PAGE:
Only Hong Kong had faster residential price growth, the Savills review said.
"During the first half of 2012, the value of Hong Kong’s properties grew by 7.4 percent. This constitutes the highest growth in any of our 10 global cities. Mainstream residential prices are at record levels due to strong local demand. The easing of mortgage availability has helped to underpin the market,” the review says.
Hong Kong is followed by Moscow and Sydney, Australia, with residential value growth of 5.5 percent and 3.7 percent respectively.
Price growth in these three cities, well in excess of the average index of 1.2 percent, has been down to local demand, the review says.
"The cities that have seen the strongest performance in their residential markets have been buoyed by domestic demand (Hong Kong, Moscow and Sydney) rather than international buyers and investors,” Savills said.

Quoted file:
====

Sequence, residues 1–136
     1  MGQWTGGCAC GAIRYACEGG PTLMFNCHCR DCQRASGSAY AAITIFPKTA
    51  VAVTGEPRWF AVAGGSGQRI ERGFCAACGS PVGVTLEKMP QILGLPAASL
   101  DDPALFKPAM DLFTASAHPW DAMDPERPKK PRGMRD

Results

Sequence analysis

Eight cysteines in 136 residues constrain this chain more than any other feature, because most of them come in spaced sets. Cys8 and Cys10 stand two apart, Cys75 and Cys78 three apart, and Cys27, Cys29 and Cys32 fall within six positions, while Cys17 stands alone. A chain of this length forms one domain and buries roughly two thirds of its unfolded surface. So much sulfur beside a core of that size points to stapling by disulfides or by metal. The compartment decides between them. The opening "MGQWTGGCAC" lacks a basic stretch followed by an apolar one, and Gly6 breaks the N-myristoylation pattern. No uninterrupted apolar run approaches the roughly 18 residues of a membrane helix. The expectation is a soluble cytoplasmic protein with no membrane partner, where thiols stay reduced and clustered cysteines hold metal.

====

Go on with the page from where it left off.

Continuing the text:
Meanwhile, international capital appears to be retreating to the "core” of established world cities with long-term investment credentials – namely London and New York, where real estate demonstrated stable growth of 2.8 percent and 1.1 percent respectively.
The largest residential price fall was registered in Paris where it fell 3.4 percent in the first six months of the year.
"The [eurozone] crisis has discouraged some overseas investors, who are reluctant to put money into euro-denominated assets. In addition, the appointment of François Hollande as the president has brought a change in policy toward the wealthy,” the survey says, adding further price falls there seem inevitable.